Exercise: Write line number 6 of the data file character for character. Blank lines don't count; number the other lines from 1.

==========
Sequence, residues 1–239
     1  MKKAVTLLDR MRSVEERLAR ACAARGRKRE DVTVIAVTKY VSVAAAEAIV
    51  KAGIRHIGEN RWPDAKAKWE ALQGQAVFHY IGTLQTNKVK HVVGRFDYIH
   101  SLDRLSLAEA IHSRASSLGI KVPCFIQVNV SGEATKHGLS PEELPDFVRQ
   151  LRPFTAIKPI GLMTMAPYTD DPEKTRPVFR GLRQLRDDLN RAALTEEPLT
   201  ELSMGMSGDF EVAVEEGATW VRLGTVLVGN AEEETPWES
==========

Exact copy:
   201  ELSMGMSGDF EVAVEEGATW VRLGTVLVGN AEEETPWES